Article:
Feeding dogs raw meat increases the risk of antibiotic-resistant E. coli

Feeding dogs raw (uncooked) meat increases their risk of excreting E. coli that cannot be killed by a widely used antibiotic — ciprofloxacin — researchers at the University of Bristol have found from a study of 600 healthy pet dogs.

E. coli, which can cause food poisoning, is also the UK’s most common cause of urinary tract and bloodstream infections, which can be life-threatening. Ciprofloxacin belongs to a group of antibiotics called fluoroquinolones, which are used to treat a range of bacterial infections in humans and animals. The World Health Organisation classes these antibiotics among the highest-priority critically important antibiotics.

The study, published in One Health, looked for ciprofloxacin-resistant E. coli carried in the intestines of 600 healthy pet dogs. The research team asked the dog owners to complete a survey that provided details about their dog, the dog’s diet, environments the dog walked in and if the dog had been treated with antibiotics.

The microbiology data along with the survey data enabled statistical analysis, which showed that feeding uncooked meat to dogs was the only significant risk factor associated with excretion of these resistant bacteria in the dog’s faeces. This work supports other published studies demonstrating associations between dogs being fed raw meat and excreting resistant E. coli.

In the UK, reduced ciprofloxacin use by GPs has led to a decrease in ciprofloxacin resistance in E. coli from human infections. There has also been an almost total cessation of the use of fluoroquinolones to treat farmed animals in the UK. However, fluoroquinolone use, and resistance remains at very high levels around the world.

Dr Jordan Sealey, Research Associate in the School of Cellular and Molecular Medicine (CMM), who carried out the research, said: “Our aim was not to focus on raw dog food, but to investigate what might make a dog more likely to excrete resistant E. coli in its faeces. Our study found a very strong association between excreting ciprofloxacin-resistant E. coli and feeding dogs a raw food diet.”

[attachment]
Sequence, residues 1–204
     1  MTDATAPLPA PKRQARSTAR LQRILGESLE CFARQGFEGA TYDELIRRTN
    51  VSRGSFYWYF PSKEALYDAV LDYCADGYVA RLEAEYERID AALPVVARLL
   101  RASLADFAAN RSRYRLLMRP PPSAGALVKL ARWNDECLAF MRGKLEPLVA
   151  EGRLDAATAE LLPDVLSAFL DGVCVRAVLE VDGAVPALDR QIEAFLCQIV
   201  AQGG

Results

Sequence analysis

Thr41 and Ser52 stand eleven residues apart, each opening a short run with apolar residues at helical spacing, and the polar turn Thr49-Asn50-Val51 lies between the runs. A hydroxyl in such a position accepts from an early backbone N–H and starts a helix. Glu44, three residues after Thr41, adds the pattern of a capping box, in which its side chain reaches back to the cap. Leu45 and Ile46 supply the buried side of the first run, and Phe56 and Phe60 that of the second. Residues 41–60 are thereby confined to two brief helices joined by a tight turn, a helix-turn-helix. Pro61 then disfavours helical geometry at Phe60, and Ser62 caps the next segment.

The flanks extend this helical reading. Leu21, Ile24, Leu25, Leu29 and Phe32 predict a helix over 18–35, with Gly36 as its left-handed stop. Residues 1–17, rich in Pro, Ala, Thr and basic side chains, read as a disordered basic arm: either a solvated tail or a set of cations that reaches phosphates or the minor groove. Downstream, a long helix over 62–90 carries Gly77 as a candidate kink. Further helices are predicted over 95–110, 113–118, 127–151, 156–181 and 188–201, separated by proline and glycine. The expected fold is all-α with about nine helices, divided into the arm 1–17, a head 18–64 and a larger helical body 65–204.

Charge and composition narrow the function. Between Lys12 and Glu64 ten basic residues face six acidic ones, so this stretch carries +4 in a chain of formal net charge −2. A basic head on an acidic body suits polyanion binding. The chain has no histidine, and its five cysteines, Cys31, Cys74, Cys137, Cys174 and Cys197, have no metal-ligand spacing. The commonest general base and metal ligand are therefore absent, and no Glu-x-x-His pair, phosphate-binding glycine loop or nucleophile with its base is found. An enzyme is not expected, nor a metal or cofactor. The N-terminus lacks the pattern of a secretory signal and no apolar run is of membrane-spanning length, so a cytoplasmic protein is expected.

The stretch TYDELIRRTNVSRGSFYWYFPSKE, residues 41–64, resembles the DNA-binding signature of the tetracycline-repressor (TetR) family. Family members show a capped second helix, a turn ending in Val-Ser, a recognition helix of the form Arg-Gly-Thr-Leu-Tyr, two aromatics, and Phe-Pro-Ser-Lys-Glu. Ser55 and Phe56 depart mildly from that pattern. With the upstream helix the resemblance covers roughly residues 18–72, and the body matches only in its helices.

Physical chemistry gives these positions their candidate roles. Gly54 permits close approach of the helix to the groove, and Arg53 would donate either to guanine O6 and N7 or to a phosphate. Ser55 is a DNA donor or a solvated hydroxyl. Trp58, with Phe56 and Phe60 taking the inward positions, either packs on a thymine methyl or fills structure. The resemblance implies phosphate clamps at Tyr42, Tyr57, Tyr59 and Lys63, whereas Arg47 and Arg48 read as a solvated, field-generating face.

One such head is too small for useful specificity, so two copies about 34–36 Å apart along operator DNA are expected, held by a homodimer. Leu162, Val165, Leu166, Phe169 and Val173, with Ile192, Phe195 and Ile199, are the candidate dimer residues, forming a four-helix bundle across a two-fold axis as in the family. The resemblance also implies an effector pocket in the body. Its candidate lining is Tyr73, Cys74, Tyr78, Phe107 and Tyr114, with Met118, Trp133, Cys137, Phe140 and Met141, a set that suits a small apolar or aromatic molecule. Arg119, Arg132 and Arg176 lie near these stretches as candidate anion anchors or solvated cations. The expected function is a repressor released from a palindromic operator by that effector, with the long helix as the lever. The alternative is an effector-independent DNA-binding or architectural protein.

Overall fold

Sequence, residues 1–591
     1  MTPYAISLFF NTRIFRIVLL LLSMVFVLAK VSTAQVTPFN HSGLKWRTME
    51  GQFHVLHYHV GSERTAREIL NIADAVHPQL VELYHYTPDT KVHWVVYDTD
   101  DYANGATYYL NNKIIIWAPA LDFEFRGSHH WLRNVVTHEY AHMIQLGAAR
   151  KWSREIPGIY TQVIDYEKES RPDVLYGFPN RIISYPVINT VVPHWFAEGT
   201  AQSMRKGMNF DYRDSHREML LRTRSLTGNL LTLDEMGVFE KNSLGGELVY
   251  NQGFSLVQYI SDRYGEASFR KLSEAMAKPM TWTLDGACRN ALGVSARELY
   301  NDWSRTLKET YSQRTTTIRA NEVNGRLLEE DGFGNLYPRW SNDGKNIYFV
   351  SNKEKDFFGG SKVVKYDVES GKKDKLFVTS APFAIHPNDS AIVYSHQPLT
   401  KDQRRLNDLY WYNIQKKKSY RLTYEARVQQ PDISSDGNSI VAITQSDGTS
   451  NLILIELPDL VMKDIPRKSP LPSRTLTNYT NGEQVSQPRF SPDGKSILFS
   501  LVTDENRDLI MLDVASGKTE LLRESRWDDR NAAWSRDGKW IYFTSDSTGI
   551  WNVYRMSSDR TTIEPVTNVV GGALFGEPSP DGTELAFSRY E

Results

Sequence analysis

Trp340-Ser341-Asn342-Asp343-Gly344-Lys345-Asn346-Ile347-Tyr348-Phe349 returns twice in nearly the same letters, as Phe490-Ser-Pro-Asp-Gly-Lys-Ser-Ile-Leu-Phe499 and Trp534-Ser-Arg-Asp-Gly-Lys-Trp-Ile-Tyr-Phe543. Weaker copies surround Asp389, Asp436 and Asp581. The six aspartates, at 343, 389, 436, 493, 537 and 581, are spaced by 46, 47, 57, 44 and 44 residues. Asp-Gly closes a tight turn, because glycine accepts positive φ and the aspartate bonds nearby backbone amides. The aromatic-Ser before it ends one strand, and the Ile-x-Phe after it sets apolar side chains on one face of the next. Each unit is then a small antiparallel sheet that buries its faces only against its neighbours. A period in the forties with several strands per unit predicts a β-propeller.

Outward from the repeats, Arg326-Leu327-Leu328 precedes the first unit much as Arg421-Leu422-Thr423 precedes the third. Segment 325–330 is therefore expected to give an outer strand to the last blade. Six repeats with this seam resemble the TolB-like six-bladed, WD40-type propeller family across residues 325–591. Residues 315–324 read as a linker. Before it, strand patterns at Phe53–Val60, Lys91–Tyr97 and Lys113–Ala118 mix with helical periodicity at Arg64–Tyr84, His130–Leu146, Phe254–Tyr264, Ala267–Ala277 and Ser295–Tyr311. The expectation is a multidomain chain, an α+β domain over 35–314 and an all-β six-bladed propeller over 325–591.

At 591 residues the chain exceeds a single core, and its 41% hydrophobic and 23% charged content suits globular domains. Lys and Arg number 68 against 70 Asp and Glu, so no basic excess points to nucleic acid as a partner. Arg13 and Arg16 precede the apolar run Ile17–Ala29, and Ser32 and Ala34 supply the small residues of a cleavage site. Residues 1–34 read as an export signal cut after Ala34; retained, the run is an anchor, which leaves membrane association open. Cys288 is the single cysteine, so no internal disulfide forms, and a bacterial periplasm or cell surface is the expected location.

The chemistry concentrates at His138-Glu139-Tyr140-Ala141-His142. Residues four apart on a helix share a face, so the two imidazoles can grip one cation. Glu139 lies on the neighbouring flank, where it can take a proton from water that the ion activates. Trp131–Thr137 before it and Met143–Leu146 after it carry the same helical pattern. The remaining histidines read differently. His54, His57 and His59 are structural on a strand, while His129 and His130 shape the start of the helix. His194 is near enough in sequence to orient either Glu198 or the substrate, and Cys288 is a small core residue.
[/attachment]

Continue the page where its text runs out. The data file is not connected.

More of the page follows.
Matthew Avison, Professor of Molecular Bacteriology in CMM, who led the study, explained: “Raw meat — whether intended for human consumption after cooking or sold as raw dog food — is likely to be contaminated with antibiotic-resistant E. coli. Cooking kills the bacteria and good hand hygiene reduces the immediate risk of these bacteria being swallowed and getting into a person’s intestines.

“Choosing to feed a dog raw meat means a person almost certainly has to handle the raw meat, and our research is clear that raw feeding also means pet owners are likely to be interacting with a pet that is excreting resistant E. coli.”

Dr Sealey added: “Individual measures to reduce the risk of resistant bacteria being excreted by dogs include changing to a non-raw food diet or sourcing good quality raw meat that can be cooked, and then cooking it. Most raw food sold for consumption by dogs is not of a quality that can be cooked, and can cause a serious health hazard to dogs if cooked.

“Choosing to feed a dog meat from animals raised on farms in the UK, or other countries with very low usage of critically important antibiotics in farming, may also decrease the risk of them eating resistant bacteria with their dinner.”

Professor Avison concluded: “As part of our response to the emerging crisis of antibiotic resistance, further incentive should be given to companies joining the raw dog food industry to source meat from farms with appropriate antibiotic usage policies, and to test meat for resistant bacteria before selling. Stricter limits should be set on the numbers of bacteria allowed in meat that is sold to be eaten uncooked than in meat sold to be cooked prior to eating.”

E. coli are found in the intestines of people and animals quite normally and can be passed between them, usually through poor domestic hygiene, e.g. after using the toilet or handling food contaminated with faecal material, including uncooked meat. When dogs excrete resistant bacteria into the environment and home, there is the potential for these bacteria to be passed on to their owners and other people.

Once a person swallows some E. coli, these bacteria can sit in their intestines for years before causing an infection. There are hundreds of thousands of urinary tract infections caused by E. coli in the UK every year, as well as thousands of bloodstream infections which frequently lead to life-threatening sepsis. When E. coli is resistant to important antibiotics like ciprofloxacin, infections are more difficult to treat, meaning patients are more likely to be hospitalised and die.

This study was funded by a grant from the United Kingdom Research and Innovation’s Antimicrobial Resistance Cross Council Initiative and from the Medical Research Foundation National PhD Training Programme in Antimicrobial Resistance Research.


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